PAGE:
Greeting, Parting and Related Words & Phrases


There are three Kiitra words used to greet someone:

  • riikhaa = a general greeting, appropriate for all occasions
  • shifkhada = welcome to someone arriving at a place; “welcome back” would be shifkhada dovleda
  • faandrakha = “good morning” specifically used between members of the same household; in public settings, however, one would say riikhaa zu drakha


The standard phrase for introducing someone is the simple ega zon … = “here is … ”

To respond to being introduced to someone, deliver an ovetna and say zrhopa en nonsha = “[an] honor and [a] pleasure [to meet you]”

The person being introduced typically responds to zrhopa en nonsha with enshii zu mra = “also for me”

Salutations for letters

Letters are begun with zu shra = “for you”, followed by either:

  • the addressee’s name
  • emai = “friend”
  • adarja/avarja/azarja = “sir/madam” (the last version being gender-neutral)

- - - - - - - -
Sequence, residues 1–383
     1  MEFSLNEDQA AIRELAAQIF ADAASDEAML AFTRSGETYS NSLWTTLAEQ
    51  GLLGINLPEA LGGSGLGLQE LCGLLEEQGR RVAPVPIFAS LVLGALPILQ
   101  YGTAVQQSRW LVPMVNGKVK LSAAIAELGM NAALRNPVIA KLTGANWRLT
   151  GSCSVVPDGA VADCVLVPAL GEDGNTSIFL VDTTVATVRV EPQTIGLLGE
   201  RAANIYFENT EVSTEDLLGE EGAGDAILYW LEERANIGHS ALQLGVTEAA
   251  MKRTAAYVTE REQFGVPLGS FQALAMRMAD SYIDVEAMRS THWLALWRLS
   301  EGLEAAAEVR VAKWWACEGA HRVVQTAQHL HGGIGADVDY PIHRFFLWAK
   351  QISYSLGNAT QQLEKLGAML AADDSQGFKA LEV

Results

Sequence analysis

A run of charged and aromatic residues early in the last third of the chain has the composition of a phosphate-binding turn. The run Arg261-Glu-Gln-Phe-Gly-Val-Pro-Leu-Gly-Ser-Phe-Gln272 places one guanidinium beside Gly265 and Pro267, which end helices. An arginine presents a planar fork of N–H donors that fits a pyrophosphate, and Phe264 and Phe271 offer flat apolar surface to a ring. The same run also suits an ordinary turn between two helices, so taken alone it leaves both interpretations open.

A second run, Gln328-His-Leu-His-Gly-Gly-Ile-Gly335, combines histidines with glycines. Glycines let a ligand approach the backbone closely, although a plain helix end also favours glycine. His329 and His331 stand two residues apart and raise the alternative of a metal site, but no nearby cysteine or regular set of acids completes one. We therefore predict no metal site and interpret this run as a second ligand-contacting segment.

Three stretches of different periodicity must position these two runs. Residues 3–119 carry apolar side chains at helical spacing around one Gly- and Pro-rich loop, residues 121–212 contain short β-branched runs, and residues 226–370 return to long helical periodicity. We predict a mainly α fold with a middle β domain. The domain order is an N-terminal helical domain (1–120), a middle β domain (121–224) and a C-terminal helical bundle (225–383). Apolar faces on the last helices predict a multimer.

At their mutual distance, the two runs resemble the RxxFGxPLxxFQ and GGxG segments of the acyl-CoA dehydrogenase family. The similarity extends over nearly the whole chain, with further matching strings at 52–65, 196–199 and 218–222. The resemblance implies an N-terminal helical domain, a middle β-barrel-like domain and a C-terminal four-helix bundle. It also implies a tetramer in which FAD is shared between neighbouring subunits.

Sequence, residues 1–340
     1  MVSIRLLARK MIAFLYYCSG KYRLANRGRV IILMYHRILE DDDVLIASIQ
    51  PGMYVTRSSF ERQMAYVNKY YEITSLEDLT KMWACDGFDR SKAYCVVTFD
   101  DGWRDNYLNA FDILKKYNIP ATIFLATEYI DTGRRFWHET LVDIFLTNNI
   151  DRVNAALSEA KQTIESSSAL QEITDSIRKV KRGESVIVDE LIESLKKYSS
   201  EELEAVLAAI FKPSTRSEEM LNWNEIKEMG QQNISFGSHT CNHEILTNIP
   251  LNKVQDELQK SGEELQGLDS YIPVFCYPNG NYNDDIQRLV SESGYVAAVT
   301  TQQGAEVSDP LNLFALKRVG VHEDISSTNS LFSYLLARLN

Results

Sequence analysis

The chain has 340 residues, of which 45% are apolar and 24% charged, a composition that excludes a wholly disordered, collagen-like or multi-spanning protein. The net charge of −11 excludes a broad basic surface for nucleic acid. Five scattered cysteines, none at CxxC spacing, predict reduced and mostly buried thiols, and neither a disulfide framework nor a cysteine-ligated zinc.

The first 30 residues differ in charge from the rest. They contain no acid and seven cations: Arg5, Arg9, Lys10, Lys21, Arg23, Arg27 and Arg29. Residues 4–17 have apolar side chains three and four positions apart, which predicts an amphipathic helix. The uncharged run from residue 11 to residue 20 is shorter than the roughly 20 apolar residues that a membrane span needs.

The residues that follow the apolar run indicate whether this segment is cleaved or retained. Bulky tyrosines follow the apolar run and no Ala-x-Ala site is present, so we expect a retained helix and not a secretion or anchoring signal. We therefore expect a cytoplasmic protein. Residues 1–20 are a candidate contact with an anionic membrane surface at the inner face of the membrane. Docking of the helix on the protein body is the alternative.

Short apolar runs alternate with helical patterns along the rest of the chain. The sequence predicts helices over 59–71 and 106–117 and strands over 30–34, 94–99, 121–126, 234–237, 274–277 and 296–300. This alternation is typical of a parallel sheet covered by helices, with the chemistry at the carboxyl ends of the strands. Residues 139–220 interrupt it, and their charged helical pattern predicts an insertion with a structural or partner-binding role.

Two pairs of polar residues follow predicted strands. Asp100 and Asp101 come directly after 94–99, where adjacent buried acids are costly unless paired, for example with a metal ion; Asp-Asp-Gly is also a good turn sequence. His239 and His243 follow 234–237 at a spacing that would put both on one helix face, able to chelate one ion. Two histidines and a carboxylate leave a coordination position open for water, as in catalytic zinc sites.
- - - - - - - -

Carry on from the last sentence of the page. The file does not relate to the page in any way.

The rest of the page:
A letter addressed to multiple people would be appropriately pluralized:

  • zu zra, emaijiit = “for you, friends”
  • zu zra, azarjajiit = “for you, ladies and gentemen” or “for you, good people”

Inquiries about well-being

To ask someone how they are, the word fanuujaa is used; it is an archaic word, roughly translating: “Things are good, yes?”

To ask about the well-being of a third party, add the word sed (“with”) and the pronoun or name of the person.
Example: fanuujaa sed avra? = “How are things with her?” or “How is she?”

Responses to fanuujaa are usually quite simple:

  • shaa = “yes” with the implication that one is well
  • faan = “good/well”
  • shasha faan = “very well” or “excellent”
  • nifaan = “not good”
  • nipaa faan = “not so good”
  • muur (“bad”) and shasha muur (“really bad”) are rarely used, especially about oneself

After responding positively, one might ask: enshii shra? = “also you?” or “and you as well?”


The Kiitra word for “thank you” is degjaa; this can be intensified by saying: degjaajiit (“many thanks”), or made specific by saying: degjaa zura (“thanks for it/this/that”). The customary response is nonsha kher = “Glad to do it.”


When parting, the usual word is: fanituu; this is another archaic word, roughly meaning: “Good future.” Another parting phrase is: faaniikh p’jena = “Best of luck.”